Well, it’s the compensation plan is quite complicated with Amway. How long would it take for a company to explain to someone how much you get paid and for what? For many companies, it’s pretty straightforward. But, if you are an Amway IBO, the answer is very difficult. In fact, a lot of people who have signed up with Amway can’t explain how they make money. New recruits often get a lot of misinformation. As Amway IBOs buy product from the company and get others to do the same, they move up in this complicated plan. As distributors advance, they gain access to product discounts and commissions that are paid when distributors in their downline (those who they’ve recruited and their recruits’ recruits etc.) make purchases from the company. The recruiting distributor, or sponsor, often doesn’t explain how difficult and expensive it is to advance in the plan. Instead, recruits are told that with hard work, they can make a lot of money from Amway. Sadly, too often they are not told the most important pieces of information any new recruit should know: the failure rate for Amway IBOs is 99%, and out of all the Amway IBOs only 53% are considered “active”.
So how can you really earn with this “business opportunity” with Amway?
Firstly, you will have to sign up as an Amway IBO for the starter kid at $62 and the optional product starter kid at $99.99. There are also some optional items they will offer you when you sign up as an Amway IBO:
- 100 PV = $300
- KATE (voicemail) = $20
- Website fees + $20
- Standing Order (Tape/cd subcription) $42
- Extra tapes/cds (two per week) $56
- Book of the Month $10
- Functions/Major functions (averaged out) $125
- Monthly Open Meeting $8
So the typical expenses for an Amway IBO will add up to over $500 per month, and average monthly income for an “active” IBO is $183, which is a non-profit by $327 per month. Instead of making money, you will most probably lose money.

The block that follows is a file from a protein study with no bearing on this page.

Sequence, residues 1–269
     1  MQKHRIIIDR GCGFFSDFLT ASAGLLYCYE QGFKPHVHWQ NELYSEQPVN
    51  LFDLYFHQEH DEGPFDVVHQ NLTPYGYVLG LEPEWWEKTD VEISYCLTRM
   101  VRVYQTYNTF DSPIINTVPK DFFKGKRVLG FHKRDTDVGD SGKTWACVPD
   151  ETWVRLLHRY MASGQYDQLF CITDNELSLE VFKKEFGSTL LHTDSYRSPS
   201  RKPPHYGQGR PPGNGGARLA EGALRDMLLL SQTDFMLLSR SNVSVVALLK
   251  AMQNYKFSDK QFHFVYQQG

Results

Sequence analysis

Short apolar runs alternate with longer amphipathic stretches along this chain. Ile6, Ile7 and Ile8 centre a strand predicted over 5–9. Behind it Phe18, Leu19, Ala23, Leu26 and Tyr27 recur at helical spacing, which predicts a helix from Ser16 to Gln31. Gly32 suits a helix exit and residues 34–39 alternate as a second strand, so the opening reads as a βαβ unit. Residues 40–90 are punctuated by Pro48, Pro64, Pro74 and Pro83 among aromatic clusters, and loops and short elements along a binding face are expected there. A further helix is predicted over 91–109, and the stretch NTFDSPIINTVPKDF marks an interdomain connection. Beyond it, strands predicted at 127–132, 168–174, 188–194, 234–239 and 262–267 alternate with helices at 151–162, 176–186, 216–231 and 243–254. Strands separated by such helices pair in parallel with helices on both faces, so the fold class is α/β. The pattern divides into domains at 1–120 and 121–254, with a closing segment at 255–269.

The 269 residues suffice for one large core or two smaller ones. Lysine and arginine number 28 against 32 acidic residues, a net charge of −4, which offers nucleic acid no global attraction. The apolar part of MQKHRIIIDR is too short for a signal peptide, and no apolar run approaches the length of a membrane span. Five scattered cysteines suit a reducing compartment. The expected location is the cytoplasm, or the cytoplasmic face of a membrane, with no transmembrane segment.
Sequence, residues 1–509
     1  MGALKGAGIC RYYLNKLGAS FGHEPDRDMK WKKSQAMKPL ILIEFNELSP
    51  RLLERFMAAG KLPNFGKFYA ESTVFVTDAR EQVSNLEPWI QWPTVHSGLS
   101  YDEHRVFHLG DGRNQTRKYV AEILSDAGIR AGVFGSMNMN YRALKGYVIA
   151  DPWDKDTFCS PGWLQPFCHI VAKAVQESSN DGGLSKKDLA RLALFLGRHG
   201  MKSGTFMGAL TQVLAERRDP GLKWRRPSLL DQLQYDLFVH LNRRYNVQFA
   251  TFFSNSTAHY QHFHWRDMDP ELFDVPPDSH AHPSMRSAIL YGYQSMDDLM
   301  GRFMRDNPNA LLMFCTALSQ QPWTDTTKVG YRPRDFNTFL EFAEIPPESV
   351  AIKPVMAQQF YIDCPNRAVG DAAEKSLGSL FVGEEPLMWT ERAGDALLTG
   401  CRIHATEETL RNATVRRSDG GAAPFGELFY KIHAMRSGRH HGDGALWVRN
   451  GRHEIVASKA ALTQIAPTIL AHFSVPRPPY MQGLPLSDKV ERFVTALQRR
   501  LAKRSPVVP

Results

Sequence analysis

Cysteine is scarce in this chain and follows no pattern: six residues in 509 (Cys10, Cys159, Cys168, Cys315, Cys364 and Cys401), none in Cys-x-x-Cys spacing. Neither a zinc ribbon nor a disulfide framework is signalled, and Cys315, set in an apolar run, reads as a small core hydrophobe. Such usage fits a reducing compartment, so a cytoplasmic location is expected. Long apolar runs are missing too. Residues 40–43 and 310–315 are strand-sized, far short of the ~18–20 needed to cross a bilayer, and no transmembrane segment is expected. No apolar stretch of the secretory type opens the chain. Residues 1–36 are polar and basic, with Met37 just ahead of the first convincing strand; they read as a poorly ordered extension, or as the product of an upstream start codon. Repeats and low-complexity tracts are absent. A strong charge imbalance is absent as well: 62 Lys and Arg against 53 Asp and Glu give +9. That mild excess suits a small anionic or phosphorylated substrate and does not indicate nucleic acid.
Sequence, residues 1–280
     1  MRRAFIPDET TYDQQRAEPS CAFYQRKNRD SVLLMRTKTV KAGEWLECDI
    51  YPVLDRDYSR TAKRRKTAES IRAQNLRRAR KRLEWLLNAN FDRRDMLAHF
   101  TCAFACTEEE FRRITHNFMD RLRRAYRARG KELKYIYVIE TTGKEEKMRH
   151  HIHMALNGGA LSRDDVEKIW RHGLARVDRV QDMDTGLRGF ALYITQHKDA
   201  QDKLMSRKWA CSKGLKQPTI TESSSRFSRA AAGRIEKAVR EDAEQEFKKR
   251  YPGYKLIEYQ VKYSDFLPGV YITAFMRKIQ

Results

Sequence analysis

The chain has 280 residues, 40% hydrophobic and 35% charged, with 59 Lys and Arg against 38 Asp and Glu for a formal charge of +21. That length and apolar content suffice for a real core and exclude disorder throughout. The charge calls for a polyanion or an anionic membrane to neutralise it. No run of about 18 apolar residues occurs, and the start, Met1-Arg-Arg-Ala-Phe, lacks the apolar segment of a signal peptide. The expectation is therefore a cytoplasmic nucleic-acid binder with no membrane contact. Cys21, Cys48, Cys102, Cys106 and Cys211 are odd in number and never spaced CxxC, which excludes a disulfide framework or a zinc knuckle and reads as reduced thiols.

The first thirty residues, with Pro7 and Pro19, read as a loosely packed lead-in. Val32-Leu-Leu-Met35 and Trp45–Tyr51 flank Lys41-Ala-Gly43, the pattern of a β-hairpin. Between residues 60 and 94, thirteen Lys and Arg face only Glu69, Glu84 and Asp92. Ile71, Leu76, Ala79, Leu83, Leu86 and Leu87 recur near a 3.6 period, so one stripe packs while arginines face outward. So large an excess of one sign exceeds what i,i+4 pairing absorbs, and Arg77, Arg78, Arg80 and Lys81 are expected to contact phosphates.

You sell Amway products for a profit, or you buy them for yourself. But if you want to make the “real money”, you sign up other “distributors”. They’ll be your “downline”, and when they sell anything, you get paid a commission (they call it a “bonus”). Note that you can get commission on sales of both products and so-called “sales tools”, example: motivational books, videos, and audio tapes that constantly stream out of Amway and many of its top distributors. (As I mentioned above) Top Amway IBOs make most of their income from books, tapes, and appearances.
The diagram below from their compensation plan shows how much can you earn from your “downline”. What does this look like? A Pyramid.
Ethan Vanderbuilt (online’s scam buster) explains why Amway is a scam.
Complaints I found from BBB.
Finale Verdict: Amway is a product-based pyramid scheme (MLM scam).
After reading this post, I would appreciate if you share this with anyone you know who is going through the Amway. You will be saving more lives from this scam. This is our fight. To prevent anyone else from being victims and to shut down this fraud. If you have lost money to this scam, please contact the FBI here www.ic3.gov
Lastly, if you have gone through the Amway, you can share your experience with me down below! I would be happy to talk to you. 🙂
“Rather fail with honor than succeed by fraud.”